But Wifi also allows you to remotely control the camera, which is a very cool feature. Here is an example where I used it to take close up pictures of birds.

I used the Lumix GH4 with the Samyang 7.5mm f/3.5 fisheye lens (click for my reviews).

To avoid getting dirt on the camera, I covered it with a transparent plastic bag:

I then placed it on the ground near some pigeons, and threw some bread crumbs in front of the lens to attract them. When using the smart phone app, you can see what the camera sees, and can remote control the shutter. It looks like this on the phone:

Thursday, 12 February 2015

Product news

We've had the CP+ trade show in Yokohama, and the major camera brands have been showing their new stuff. Here is a short summary of mirrorless camera news.


The big news from Olympus is the new OM-D E-M5 II. It looks a lot like the the predecessor, but has some improvements to the ergonomics, including a fully articulated touch LCD screen.

The new feature which is going to sell the camera, though, is the new sensor shift high resolution mode. It works by taking eight consecutive images, while offsetting the sensor. First, four exposures offset by one pixel in the two directions, designed to overcome the limitations of the Bayer sensor.

Monday, 2 February 2015

Mirrorless camera statistics from Japan

BCN ranking is a source for Japanese camera sales statistics. Looking at historic statistics from BCN, I have compiled this chart of the market shares of mirrorless cameras.

For the years 2009-2011, it is based on the 20 most selling camera models in Japan, including DSLR cameras. For 2012-2013, it is based on the 20 most selling mirrorless cameras. For 2014, it is, apparently, based on all mirrorless camera models. I skipped 2008, since it only contains one single mirrorless camera, the Lumix G1, giving a 100% Panasonic market share.

Sunday, 25 January 2015

New firmware for Lumix 35-100mm

Panasonic recently announced a new firmware for the Lumix X 35-100mm f/2.8 pro grade tele zoom lens (my review). Click here to download the firmware version 1.2.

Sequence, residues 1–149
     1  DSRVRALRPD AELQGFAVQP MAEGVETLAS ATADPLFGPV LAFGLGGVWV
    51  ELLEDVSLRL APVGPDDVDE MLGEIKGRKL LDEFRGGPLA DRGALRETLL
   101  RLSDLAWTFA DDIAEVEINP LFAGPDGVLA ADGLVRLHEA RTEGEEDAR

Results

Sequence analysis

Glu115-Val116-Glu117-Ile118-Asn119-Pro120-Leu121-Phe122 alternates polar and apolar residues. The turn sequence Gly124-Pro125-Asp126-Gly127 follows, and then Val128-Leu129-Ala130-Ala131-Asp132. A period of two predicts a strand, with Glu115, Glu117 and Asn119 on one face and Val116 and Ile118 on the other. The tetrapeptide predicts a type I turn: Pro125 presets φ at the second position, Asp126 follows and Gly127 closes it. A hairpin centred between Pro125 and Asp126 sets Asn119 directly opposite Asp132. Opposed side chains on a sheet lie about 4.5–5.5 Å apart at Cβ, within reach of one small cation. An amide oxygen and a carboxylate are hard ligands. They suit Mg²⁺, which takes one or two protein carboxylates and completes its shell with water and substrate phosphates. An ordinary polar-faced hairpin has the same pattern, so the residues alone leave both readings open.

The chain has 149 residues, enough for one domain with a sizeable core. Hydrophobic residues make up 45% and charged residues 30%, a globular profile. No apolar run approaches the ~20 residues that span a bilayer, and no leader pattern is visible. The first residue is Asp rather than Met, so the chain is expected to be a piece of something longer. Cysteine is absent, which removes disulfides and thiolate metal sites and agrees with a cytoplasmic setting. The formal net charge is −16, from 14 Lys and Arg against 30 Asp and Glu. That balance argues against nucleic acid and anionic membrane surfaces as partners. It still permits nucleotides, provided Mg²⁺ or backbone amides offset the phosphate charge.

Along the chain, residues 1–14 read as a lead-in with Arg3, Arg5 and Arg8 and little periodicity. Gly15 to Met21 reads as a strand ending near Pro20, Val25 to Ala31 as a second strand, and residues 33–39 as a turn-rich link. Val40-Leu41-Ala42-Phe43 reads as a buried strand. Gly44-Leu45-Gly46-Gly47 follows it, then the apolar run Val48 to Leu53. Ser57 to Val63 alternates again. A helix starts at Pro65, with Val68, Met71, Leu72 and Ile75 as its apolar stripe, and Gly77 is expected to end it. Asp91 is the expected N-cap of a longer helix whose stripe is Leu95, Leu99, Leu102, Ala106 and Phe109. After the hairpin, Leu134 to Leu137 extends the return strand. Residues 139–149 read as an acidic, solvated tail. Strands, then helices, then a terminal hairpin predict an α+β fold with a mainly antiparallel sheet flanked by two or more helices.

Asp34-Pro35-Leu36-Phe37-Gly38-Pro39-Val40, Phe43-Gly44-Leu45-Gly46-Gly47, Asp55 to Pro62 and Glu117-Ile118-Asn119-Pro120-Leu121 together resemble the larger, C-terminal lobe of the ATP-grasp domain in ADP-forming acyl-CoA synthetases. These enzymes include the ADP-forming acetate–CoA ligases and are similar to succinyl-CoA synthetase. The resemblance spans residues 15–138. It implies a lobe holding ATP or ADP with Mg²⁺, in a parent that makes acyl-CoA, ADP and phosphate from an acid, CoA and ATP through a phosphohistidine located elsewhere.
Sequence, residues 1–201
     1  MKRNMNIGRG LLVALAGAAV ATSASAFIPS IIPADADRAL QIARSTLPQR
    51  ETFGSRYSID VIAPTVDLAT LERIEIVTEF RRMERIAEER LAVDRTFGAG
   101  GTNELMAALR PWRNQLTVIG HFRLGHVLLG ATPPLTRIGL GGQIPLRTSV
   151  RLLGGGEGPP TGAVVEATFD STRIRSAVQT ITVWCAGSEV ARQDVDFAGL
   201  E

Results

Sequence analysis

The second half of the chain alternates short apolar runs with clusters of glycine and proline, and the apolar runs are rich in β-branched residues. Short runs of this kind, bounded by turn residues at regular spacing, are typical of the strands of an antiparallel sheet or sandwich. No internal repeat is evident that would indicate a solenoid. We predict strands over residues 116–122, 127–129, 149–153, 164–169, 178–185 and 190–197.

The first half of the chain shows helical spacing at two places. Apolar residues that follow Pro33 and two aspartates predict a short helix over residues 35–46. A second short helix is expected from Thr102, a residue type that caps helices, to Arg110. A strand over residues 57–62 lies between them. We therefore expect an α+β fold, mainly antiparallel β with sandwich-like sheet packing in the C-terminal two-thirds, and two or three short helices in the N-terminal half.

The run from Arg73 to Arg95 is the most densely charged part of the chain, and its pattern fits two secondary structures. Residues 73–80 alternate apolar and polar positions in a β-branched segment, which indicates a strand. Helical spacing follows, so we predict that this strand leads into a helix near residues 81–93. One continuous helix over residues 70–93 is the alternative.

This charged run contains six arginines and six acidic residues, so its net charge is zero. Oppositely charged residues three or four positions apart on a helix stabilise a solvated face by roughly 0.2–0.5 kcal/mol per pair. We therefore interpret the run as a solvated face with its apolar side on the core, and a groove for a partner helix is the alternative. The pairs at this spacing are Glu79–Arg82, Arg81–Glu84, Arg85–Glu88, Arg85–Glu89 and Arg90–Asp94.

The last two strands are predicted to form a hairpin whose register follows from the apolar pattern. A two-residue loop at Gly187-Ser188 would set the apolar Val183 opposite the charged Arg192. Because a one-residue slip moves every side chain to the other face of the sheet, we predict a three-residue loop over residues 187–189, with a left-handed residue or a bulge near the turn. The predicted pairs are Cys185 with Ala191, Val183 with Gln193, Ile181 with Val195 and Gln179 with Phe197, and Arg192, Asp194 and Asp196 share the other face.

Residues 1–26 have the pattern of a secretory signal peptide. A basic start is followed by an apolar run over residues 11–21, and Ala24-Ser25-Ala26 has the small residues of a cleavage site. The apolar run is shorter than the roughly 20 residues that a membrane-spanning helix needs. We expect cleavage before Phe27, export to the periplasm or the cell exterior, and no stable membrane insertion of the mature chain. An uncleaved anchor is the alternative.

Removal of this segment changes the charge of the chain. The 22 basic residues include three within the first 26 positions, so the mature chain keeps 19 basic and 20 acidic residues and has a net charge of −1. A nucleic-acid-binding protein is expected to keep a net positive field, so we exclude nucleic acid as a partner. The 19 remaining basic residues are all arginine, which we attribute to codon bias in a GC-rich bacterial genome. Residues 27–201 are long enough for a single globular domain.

Here is the lens mounted to the Lumix GH4:

So what exactly does this firmware update do? If you follow online forums, you will see some few, but quite vocal, people complain about "micro jitters" when recording video using this lens. Based on the press release explanation from Panasonic, it might appear that the firmware addresses this issue:

Sunday, 11 January 2015

Samyang 12mm f/2 review: Compact, inexpensive and well performing

Samyang is a third party manufacturer which tries to fill the gaps in system camera lineups with manual focus lenses. One common gap is affordable wide angle prime lenses, which they have filled with lenses like Rokinon 10mm f/2.8 and Rokinon 14mm f/2.8. What these lenses have in common, though, is that they are quite large, and relatively slow.

Now, a new lens has popped up, the Samyang/Rokinon 12mm f/2, which is fast, and quite compact in size:

From left: Samyang/Rokinon 12mm f/2, Lumix X 12-35mm f/2.8 (my review) and Lumix G 12-32mm f/3.5-5.6 (my review) set to 12mm.

Tuesday, 30 December 2014

Lensbaby 5.8mm f/3.5 circular fisheye

There is a new, expotic, and reasonanbly priced lens available, the Lensbaby 5.8mm f/3.5 circular fisheye. It was announced in April for DSLR mounts like Nikon F and Canon EF. In November, it was further announced in Micro Four Thirds mount and Sony E mount.

So, should you buy this lens, and if so, in what mount? That's what I will be trying to answer in this article.

To help the review of the lens, I will be comparing it with a similar lens for Sony E mount, the Yasuhara Madoka 180 7.3mm f/4 (my review). Both lenses are shown below:

Left: Yasuhara Madoka 180 7.3mm f/4 circular fisheye lens. On the right, is the Lensbaby 5.8mm f/3.5 with an adapter for Sony E-mount.